Damien Rice's song "The Blower's Daughter" is an interesting DVD extra with that riveting chorus, "Can't take my eyes off of you." It's the perfect love song for this film, part pure love and part compulsive addiction. Mike Nichols has worked with an excellent cast and polished this dialogue to perfection. The rhythms build and twist and the lovers attract, repel, trust and betray. It does not so much build to an inevitable conclusion so much as it feels like we've followed the characters through a very intense period of life. This is a film that will be watched and discussed for decades. Bravo!"
Most honest film I've ever seen.
Kiki | Santa Barbara, California | 02/07/2007
(5 out of 5 stars)

""Closer" is vulgar, depressing, bizarre and brutally honest.

I loved every minute of it."
Great character study! Which one are you?
Born-Identity | Los Angeles | 09/07/2007
(5 out of 5 stars)

"This movie is RAW. If you want a feel good, bubble gum and lollipops type of movie, this is not for you.

This is one of the BEST character studies I have seen in a long time. It's ugly, it's raw, but it's REAL and that could be why some felt so ill at ease. To like this movie is to accept that people really are this selfish and ugly-hearted. This could very well happen and that's what turns your stomach.

By far, Clive Owen owns this movie! You are disgusted by him from beginning to end, but find yourself rooting for him on several occasions, then mad at yourself that you are doing so. But then when you look at the alternative for Anna (Julia Roberts) in Dan (Jude Law), you allow yourself the moral misstep. Dan is quietly selfish and insecure. You realize early on there's an invisible bar that he's set that no one can meet or sustain.

At the end of this movie, you'll ask yourself (in regards to family, friends, and intimate relationships) are you the one setting the unrealistic bar, or are you the one trying to meet one? Are you being yourself while also allowing others to be who they are.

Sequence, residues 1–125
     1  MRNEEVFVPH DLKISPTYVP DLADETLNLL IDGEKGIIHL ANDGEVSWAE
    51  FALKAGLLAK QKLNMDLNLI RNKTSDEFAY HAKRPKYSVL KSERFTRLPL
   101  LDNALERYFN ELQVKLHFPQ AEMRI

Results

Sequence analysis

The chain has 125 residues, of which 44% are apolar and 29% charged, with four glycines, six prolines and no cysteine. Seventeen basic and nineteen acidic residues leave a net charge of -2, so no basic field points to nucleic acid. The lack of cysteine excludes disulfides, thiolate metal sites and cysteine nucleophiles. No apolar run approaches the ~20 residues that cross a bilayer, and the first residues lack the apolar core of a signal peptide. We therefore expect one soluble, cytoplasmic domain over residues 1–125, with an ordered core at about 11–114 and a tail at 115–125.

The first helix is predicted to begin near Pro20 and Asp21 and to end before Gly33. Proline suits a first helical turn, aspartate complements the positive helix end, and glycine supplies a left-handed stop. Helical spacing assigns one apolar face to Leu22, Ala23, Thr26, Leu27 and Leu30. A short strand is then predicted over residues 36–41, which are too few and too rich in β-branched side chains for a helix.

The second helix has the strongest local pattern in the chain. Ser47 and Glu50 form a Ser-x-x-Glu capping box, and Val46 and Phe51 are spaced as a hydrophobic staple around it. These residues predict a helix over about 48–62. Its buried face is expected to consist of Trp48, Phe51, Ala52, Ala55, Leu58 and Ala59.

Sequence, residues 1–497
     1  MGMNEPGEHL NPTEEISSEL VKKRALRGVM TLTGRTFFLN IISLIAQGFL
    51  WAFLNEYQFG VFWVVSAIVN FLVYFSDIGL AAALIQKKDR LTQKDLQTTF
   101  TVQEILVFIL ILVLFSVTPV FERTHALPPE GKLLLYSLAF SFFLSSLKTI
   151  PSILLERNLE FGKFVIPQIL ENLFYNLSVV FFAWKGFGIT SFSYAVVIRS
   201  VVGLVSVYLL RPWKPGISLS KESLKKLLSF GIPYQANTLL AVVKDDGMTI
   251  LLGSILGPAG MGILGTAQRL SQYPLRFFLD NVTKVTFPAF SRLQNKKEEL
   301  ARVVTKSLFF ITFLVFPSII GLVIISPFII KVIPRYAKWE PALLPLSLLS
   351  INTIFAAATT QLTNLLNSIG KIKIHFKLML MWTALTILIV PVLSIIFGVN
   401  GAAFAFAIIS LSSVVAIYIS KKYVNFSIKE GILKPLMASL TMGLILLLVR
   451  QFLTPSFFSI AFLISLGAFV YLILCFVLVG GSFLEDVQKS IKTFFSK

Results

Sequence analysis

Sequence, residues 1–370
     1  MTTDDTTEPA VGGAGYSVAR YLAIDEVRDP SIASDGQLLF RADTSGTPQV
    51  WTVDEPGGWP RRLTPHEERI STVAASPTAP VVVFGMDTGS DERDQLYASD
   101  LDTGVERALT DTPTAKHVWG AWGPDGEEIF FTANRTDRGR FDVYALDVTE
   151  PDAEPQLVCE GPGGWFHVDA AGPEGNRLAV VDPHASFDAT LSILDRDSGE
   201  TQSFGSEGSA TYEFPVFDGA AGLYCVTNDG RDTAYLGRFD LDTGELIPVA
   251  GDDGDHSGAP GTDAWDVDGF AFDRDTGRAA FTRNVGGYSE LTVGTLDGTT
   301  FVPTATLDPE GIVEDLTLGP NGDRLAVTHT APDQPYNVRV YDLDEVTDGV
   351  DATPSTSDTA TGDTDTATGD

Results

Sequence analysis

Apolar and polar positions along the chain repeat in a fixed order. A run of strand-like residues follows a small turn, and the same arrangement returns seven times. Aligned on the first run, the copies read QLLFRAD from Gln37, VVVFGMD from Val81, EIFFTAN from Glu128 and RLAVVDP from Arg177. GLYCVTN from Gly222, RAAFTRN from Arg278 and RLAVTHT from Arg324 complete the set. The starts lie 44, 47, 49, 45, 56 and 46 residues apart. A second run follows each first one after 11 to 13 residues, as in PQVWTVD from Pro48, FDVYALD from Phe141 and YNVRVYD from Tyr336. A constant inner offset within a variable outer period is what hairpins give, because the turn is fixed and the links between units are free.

"Alice" was played BRILLIANTLY by Natalie Portman. She had the right balance of tough chick and little-girl-lost. You clearly understood she was someone who wanted to be loved and accepted "as is" flawed and all. Doesn't everyone? She was the only innocent one, so to speak, in the entire quadrangle. She gave her body at the end masking her rejection and hurt. We all know someone whose done this or continues to do this. Although clearly misguided, Alice is the only one who didn't maliciously or selfishly hurt someone she claimed to love.

What makes Larry so remarkable is that he understood they were all flawed INCLUDING HIMSELF, but unlike Dan, accepted it. He knew Anna was a depressive. She didn't have to stay "up" and perfect for him. Larry allowed her to have her blue funks because he knew exactly what made her function comfortably. He was quite content in lifting and supporting her in her art of "photographing sad people beautifully" as Alice said, hitting the Anna nail right on the head. Anna was beautiful to the world, but was sad upon closer inspection. Dan never even realized her condition because it was all about him. Larry understood 'you are what you are,' anything better than that was a great moment. Because he understood this, he knew how to manipulate and orchestrate them all into ultimately getting what he wanted. Dan never got "it" in regard to his relationships because again, it was about him and distracting from his own securities. He had lived and supposedly loved Anna, but didn't really know her - same for "Alice." Any revelations as to who they really were, came from outside sources.

Alice told Larry hidden truths about herself because he was totally open with her - nothing hidden which in turn made her comfortable enough to talk.

Julia gave a great understated performance. She wasn't overly emotional, she didn't rely on her sexuality, she simply existed from moment-to-moment as a depressive does.

I challenge anyone who hated the ugliness of this movie to rewatch it with new eyes.